Photo by Josh Sandulak.
Canada's Calgary Stampede has never really been my bag. I never manage to get up early enough for free pancake breakfasts, I’m not interested in the midway—I’m afraid of most rides—and I don’t really like crowds. Generally, I tend to mentally glaze over and passively enjoy the country music wafting out of every establishment in the downtown core, marveling at the sheer spectacle of an entire metropolis sporting hay bails outside of skyscrapers.
After the recent flood in Calgary, it’s been heartwarming to see the way citizens have banded together to save the Stampede; the grounds were essentially under water less than a month ago but organizers cleaned up in just a few weeks to hold Calgary’s largest cultural event. I wondered if maybe this was the year I’d finally start to give a shit. I got a job serving at a western themed bar to make some extra cash for ten days, serving tequila to corporate parties while country bands played in the background.
I did end up getting into the spirit of Stampede, but it wasn’t from hearing over 200 covers of "Folsom Prison Blues." It was because I went to the gay rodeo and realized how goddamn sexy cowboys are. Fuck.
About 40 minutes east of Calgary in Strathmore, the Alberta Rockies Gay Rodeo Association holds their annual rodeo and music festival during the last week of June. It’s very legit. Rural men and women from all over the Midwest come to compete in traditional rodeo events, like steer wrestling and barrel racing. Chatting with participants and attendees, I got my first real exposure to the rugged masculinity of the true rural Alberta cowboy. And after a day of chatting with some sexually assertive gay men, the sex appeal of the cowboy became about as obvious as getting hit in the head with a horseshoe.
If you’re not already aware, cowboys undeniably exemplify a conventional sexual stereotype just waiting to be objectified by men and women. Big and broad shouldered, sometimes a little on the heftier side, most rodeo participants sport hip hugging jeans, collared shirts, and dusty leather chaps. Watching the rodeo events, it’s impressive to observe the grace and speed with which cowboys can move on horseback.
Photo by Josh Sandulak.
I think there are many reasons why the cowboy has resonated for so long as a sex symbol. Part of it likely harkens back to the old school attraction of the “capable man”. Let’s face it, most of us can barely set up our internet, let alone ride a bronco. I can see the appeal to Generation Y, especially since we more and more attach value to the authentic, the analogue, and the organic, trying to grasp some sense of tangible quality in our often overwhelmingly synthetic, cerebral, and highly metropolitan lifestyles. It’s the same reason why people spend $10 on mason jars in boutique “general stores.” We all kind of want to be a cowboy, the physical manifestation of this quest for the authentic, the salt of the earth, which happens to be wrapped up in a handsome, tanned, tall drink of water.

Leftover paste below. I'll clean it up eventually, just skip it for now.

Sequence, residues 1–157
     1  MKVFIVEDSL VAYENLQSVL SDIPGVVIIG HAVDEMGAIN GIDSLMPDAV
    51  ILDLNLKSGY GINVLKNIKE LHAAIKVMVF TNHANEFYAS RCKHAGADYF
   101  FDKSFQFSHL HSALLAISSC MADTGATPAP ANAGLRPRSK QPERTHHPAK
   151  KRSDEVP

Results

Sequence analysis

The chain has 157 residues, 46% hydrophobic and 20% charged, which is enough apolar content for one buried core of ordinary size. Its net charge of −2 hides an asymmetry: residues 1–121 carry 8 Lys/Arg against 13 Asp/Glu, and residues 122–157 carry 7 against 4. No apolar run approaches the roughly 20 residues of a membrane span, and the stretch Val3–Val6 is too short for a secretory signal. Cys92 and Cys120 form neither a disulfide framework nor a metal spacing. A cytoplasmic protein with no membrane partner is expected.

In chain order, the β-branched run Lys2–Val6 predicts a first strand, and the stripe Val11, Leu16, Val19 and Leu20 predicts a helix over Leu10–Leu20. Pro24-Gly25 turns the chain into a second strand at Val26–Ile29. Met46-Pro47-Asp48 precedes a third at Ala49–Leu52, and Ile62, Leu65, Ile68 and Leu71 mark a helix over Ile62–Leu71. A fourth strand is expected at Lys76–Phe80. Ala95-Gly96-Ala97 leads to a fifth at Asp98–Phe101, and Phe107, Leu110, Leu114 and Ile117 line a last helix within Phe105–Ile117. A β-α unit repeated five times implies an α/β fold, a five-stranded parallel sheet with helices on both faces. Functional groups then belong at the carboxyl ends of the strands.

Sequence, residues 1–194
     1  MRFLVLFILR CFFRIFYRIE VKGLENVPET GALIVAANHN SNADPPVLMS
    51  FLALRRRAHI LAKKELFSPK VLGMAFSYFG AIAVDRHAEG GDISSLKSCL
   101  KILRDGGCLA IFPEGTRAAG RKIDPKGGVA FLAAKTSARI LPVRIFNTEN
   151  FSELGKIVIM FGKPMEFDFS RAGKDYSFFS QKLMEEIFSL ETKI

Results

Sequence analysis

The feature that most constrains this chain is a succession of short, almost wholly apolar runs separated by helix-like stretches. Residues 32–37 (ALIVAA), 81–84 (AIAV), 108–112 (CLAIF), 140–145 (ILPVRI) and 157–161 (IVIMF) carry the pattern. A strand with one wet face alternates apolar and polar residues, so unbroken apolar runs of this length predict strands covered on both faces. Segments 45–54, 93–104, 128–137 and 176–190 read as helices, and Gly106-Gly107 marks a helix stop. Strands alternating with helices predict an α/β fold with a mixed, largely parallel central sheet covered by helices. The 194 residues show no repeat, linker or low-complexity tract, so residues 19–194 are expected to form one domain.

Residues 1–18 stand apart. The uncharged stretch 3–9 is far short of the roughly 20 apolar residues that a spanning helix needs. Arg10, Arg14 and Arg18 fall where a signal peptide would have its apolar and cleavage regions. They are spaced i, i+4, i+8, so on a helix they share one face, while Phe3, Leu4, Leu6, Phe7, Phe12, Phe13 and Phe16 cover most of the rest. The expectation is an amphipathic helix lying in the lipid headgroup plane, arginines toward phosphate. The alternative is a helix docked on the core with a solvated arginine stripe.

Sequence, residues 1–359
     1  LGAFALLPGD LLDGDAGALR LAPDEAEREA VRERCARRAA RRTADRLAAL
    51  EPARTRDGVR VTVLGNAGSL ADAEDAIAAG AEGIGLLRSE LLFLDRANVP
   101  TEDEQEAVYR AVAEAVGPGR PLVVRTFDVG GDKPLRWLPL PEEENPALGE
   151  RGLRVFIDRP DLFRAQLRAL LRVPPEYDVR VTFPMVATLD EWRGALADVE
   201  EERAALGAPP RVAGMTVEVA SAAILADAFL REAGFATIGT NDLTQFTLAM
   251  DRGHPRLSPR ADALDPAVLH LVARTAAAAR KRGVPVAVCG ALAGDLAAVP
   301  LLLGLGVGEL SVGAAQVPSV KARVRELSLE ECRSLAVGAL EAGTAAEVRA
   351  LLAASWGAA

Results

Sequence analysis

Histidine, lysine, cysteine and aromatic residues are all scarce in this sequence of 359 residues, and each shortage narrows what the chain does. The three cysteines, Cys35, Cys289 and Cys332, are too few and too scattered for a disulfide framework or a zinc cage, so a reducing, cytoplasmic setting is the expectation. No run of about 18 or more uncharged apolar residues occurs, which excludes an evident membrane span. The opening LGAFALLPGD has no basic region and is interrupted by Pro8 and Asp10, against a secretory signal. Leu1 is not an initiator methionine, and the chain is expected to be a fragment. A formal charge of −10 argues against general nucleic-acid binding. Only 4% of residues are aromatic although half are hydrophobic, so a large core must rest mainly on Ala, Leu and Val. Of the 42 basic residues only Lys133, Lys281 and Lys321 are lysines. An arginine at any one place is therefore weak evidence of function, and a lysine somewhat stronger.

There’s a certain romanticism to the cowboy as well. The western film’s common myth proclaims that the protagonist will always do the right thing, often with great sacrifice. If you’ve ever seen High Noon, Shane, or Pat Garrett and Billy the Kid, you know that the cowboy can be both a reckless and cavalier loner, and a brave and stoic hero.
Gary Cooper: unstoppably dreamy.
Perhaps it’s this long cultivated ethos that explains why people enjoy dressing the part—and why I found myself totally loving it. From July 5th to 14th, every guy in Calgary was walking around in wranglers and a crisp white button-up looking like Jason Stackhouse. Suddenly, I was attracted to accountants and engineers who would normally be wearing suits with bad, pointy loafers. Previously, their aesthetic banality would have set off a red flag in my mind; this person is likely boring, votes Conservative, or prefers Metallica records to The Black Album. But for one beautiful week, I tricked my brain into thinking I was surrounded by a bunch of Gary Coopers.
Jesus motherfucking cowboy-loving Christ, there is just something so attractive about the cowboy archetype. It only took a bunch of gay men to clue me into it. I spent so many years avoiding the spectacle side of the Stampede that I disregarded the whole men rolling around in the dirt and riding beautiful horses aspect.
Clearly, I’ve been blowing it.
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